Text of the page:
Take Ukraine, on the other hand, and “Russia automatically again regains the wherewithal to become a powerful imperial state, spanning Europe and Asia.” It raises its population by a third, gives it agricultural lands as well as access to coal and other natural resources, particularly in the Donbas region, and denies European powers energy security. It was through Ukraine that the Nazis accessed the oilfields of the Caucasus and it is through pipelines in Ukraine that half of Russia’s natural gas exports to Russia flow west.

Moreover, possession of the Crimean Peninsula and the port of Odessa enable Russia to project power into the Black Sea and from there, the Mediterranean. Hence the Soviets were quick to assert themselves in Ukraine after the 1917 revolution and hence Vladimir Putin’s annexation of the Crimea in 2014 and his government’s support for a separatist uprising in the Donbas.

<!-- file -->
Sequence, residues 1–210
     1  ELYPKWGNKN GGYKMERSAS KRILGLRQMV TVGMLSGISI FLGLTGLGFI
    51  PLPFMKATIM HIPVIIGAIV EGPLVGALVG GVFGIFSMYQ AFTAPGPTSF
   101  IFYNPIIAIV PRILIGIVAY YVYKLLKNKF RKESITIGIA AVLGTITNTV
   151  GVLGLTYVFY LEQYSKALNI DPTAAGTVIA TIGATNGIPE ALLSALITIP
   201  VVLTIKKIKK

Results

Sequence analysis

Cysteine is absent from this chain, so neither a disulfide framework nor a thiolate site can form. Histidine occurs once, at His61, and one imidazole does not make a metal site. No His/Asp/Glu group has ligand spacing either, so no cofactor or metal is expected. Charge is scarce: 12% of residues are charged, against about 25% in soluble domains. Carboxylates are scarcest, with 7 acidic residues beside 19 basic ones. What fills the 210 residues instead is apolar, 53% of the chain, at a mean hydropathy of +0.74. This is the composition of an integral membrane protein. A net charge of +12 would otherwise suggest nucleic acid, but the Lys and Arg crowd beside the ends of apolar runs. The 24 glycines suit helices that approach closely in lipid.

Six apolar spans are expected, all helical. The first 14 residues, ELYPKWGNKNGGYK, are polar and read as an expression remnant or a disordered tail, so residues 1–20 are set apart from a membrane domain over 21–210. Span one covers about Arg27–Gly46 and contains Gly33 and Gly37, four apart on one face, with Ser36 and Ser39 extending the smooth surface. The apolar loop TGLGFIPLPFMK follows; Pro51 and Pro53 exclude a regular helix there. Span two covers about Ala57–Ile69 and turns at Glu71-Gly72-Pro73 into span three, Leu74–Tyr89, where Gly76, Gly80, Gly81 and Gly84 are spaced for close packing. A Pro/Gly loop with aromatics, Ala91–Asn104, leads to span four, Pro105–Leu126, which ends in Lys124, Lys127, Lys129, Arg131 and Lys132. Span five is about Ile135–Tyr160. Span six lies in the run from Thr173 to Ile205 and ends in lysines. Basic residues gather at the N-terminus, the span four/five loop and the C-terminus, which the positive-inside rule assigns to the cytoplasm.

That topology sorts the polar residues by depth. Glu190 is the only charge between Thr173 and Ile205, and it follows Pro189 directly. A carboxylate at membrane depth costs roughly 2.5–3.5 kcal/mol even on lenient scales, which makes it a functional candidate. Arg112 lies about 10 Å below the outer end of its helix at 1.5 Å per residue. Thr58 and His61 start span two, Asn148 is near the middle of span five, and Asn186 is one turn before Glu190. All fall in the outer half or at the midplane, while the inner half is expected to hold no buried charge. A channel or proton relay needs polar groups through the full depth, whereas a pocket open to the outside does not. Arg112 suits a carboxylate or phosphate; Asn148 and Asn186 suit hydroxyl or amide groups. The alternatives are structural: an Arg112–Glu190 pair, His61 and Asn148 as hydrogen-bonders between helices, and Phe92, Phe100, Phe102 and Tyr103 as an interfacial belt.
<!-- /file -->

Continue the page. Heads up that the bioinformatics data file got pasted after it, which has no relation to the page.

Russian domination of Ukraine also transforms Poland into the geopolitical pivot of Eastern Europe. An independent Poland is acceptable to Russia so long as it is neutral and weak. Before the 1789 French Revolution, that was the case. The Polish-Lithuanian Commonwealth was weakened by its multinational character, its precarious finances and a nobility that kept the monarchy in check. A new constitution, proposed in 1791, proposed to change all that. The state was centralized and the monarchy made hereditary, restraining it from elite intrigue. The prospect of a strong, independent Poland that could set an example to the peoples of Central Europe who lived under the yoke of empire, was appalling not just to Russia but Austria and Prussia as well. The three powers conspired to take away half its territory. When Polish nationalists rebelled, in 1794, they wiped Poland off the map altogether.